Chains in attic...

Okay, I’m at a loss for ideas on wording for my report… any thoughts are appreciated.

1900 home, chains in attic are above kitchen area (single story). No indication of any issue in kitchen ceiling or walls. Roof plane is off a small amount, mostly from bad repairs over the years. The roof is getting a complete tearoff when the rain stops (next week?).

What you see in the pics, is all I know. Chose not to enter that half of the attic.

Will not say my first thought but could they have been planning to put some equipment up there?
I notice the turnbuckles.Maybe they are holding a platform.

Curious why you did not go look since it is obviously safe or they could not have attached the chains.

The chains went from the rafters to the kitchen ceiling joists. The insulation was 8 to 12 inches deep, and I couldn’t see the joists. Used my ext. pole to trace chains to joists. Only platform is the kitchen ceiling.

The only idea I have is more than one joist is compromised, and I wasn’t going to test it. Add to it the condition of the roof sheathing and bad repairs done to it, I wasn’t going to risk my personal safety. Client had no issue with my self imposed limitation.

Even so, I keep stumbling on the wording for my report.

Don’t you know anything? Those are used to hold the engine. You cook on the manifold when you dont have a stove… :roll:

So far we have the following suggestions:

  1. Hanging bed
  2. Engine hoist/BBQ
  3. ?


Jeff those chains look new with the white ID tags pretty white looking son how old is that ceiling would you say?
The only reason I can think of to support joists would be they saw damage occurring below somehow.
The insulation is new from what I can tell considering the kitchen looks older or slightly outdated.

Upon inspecting attic support chains were being used attached to joists supporting the ceiling.
I recommend a framing carpenter determine if joists are in need of repair as safety concerns prevented further investigation during inspection.
The insulation will need to be displaced to view fully.

Expecting fat inspector to walk the attic? :mrgreen:


Prolly was a Den of Inequity before they decided to blow some Insulation in to cover the Dance floor—:shock:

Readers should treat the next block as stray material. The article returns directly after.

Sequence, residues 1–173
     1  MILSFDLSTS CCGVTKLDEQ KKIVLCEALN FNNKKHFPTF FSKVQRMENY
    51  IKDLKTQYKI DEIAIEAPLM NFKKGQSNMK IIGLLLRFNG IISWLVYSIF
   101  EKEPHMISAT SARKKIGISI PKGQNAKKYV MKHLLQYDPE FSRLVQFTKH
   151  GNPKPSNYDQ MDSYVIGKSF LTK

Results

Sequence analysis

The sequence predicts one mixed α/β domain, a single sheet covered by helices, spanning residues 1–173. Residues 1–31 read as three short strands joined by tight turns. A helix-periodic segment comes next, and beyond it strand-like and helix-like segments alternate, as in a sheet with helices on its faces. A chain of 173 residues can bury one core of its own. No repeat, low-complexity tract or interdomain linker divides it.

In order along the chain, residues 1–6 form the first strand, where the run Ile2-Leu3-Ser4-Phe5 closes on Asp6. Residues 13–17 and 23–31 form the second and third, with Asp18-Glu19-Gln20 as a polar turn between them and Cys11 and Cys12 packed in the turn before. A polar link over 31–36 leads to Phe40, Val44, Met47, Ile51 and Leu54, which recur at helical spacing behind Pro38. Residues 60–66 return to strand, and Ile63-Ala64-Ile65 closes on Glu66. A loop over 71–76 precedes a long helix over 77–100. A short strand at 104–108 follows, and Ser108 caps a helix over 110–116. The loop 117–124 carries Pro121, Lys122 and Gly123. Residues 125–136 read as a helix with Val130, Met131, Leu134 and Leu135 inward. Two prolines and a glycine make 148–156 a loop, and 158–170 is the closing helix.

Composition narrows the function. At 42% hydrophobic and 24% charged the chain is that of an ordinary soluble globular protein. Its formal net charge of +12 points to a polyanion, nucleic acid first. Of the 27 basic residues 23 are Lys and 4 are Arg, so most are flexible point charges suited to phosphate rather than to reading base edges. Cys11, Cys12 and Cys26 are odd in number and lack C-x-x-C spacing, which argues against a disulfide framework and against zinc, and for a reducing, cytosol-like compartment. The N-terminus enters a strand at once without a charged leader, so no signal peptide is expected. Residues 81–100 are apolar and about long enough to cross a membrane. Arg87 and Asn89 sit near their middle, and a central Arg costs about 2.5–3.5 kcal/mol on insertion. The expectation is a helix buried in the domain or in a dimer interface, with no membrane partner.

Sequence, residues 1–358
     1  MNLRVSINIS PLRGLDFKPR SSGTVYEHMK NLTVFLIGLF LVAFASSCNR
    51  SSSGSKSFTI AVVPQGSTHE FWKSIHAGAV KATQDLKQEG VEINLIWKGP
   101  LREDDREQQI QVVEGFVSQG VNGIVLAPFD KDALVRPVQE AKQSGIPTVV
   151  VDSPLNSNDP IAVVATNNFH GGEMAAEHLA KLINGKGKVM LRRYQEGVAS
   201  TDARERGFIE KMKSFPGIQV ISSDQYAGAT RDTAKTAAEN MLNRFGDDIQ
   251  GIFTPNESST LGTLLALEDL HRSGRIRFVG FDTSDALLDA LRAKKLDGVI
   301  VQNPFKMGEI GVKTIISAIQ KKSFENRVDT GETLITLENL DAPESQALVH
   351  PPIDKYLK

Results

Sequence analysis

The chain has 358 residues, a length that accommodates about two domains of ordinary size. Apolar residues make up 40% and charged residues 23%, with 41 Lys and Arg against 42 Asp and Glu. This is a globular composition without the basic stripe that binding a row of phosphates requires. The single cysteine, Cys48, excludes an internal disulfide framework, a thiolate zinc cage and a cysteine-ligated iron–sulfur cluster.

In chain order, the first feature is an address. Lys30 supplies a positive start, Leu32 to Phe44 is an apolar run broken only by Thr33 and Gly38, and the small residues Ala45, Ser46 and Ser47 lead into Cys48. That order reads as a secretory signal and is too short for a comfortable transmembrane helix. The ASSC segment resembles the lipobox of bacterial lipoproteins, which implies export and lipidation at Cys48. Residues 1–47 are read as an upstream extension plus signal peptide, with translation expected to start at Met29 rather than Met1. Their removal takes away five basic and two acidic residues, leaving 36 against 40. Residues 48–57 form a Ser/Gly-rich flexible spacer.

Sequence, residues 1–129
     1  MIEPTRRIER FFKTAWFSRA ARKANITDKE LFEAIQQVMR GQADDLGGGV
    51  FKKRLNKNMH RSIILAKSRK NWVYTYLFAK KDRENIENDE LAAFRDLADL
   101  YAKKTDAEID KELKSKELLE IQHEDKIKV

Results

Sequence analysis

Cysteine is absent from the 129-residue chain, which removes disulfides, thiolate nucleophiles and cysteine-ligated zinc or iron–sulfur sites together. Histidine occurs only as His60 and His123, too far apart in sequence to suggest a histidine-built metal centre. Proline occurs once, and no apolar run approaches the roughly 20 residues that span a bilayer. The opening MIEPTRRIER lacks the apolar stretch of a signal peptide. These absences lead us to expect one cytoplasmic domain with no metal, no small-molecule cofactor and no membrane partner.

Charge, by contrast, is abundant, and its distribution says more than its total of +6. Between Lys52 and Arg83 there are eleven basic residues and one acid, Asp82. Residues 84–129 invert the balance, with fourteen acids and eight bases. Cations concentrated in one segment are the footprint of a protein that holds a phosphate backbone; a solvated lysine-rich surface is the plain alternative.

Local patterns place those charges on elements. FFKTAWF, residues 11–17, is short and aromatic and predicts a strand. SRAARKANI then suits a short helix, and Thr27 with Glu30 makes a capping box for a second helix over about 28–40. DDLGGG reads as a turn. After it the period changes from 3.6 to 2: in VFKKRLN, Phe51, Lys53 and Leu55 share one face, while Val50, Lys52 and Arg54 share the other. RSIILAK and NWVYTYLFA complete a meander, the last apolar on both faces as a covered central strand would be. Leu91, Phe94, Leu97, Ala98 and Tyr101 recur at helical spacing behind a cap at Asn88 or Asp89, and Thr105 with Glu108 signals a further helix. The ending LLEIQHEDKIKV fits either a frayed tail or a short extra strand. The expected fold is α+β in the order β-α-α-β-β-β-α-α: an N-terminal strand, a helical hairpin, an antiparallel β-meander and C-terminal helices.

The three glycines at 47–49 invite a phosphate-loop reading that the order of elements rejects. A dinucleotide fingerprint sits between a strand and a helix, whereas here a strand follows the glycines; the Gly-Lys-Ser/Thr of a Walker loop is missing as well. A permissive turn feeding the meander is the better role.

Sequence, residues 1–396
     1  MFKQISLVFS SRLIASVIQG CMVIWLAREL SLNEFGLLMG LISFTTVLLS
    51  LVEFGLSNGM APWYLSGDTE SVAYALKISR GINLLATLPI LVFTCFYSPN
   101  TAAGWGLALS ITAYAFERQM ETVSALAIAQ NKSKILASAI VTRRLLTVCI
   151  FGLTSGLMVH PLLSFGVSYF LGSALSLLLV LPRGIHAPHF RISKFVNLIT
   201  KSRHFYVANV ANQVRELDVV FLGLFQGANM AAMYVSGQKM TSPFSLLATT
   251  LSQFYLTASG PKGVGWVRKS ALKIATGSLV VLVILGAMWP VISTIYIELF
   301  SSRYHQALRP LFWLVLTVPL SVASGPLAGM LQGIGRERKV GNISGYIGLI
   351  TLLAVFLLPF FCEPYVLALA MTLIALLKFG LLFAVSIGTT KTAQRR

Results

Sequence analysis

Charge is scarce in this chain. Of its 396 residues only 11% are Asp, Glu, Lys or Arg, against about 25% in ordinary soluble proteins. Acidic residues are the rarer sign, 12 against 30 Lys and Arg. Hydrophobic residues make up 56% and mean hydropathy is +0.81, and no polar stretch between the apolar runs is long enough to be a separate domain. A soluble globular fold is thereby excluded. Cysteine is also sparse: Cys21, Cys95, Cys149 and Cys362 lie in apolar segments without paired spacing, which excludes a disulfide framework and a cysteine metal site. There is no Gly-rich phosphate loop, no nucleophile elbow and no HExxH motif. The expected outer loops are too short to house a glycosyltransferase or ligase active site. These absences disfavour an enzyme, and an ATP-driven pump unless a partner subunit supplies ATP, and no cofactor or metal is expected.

Thanks, Bob. That’s basically what I had, but just didn’t feel right. Guess I’ll go with it, since you backed up what I said.

Unsure on age. These old farmhouses get added onto and remodeled everytime a couple more kids come into the world. The current owner has lived there about 9 years, and has “upgraded” many things, such as wiring for his man cave and two home offices. Still on 100 amp service! I assumed the current owner added the chains, but could find no definative reason for them.

That looks like my old S&M playground!

Always erks me to see roof framing like that… bare minimum stuff… scrapping in some ridge blocks (never mind a ridge) and ties woulda blown the budget outta the water there. A lot of the time, I see older homes where the framers did a BETTER job… not there though.
anyhoo, was the kitchen always that OPEN? Maybe even some short spans landed over a wall… then removed and braced w/chains… Ventilation looks minimal as well. Excess moisture build up, then sag? Couple stabs there.

Either way, the chains are doing something… and I would mention as such.

A new blog for AR. :wink:

The fat inspector didn’t walk the attic, can’t you see how restricted (inaccessible) the space is ?? Too late for questions now Mr. Fat Inspector.

Original plaster has been repaired with new drywall. The extra weight required it to be chained in the area. Most homes of that period had 2x4 ceiling and roof joists and would not hold the weight for the span of that size kitchen. The way to tell is to remove a small section of drywall and look for plaster. Don’t forget the fact that there is extra weight to the 8-10 inches of insulation added also.:smiley:

Well said I like this , and it sounds good to me thanks … Roy

Looks like someone decided to try and “fix” flexible ceiling joists that may have been cracking ceilings. Marginal sized rafters at best, so I am guessing the ceiling joist are also marginal. Chain supports from marginal sized rafters will just further overload them. Did you notice any “dishing” of the roof surface on the outside?

In any event, I like Bob’s short and sweet suggested wording.

I’ll do ‘fat’ over “lazy” any day you toad! :mrgreen:

Anyway… 12" x 20"… plenty of room to access (once I squeeze my shoulders through)! :wink:

TMI (too much information)!!! :shock:

They may have removed a load bearing wall and this was their method of supporting the joists. The kitchen probably wasn’t originally that open and roomy. REFER, REFER, REFER.

Picture 3
No ridge board or collar ties.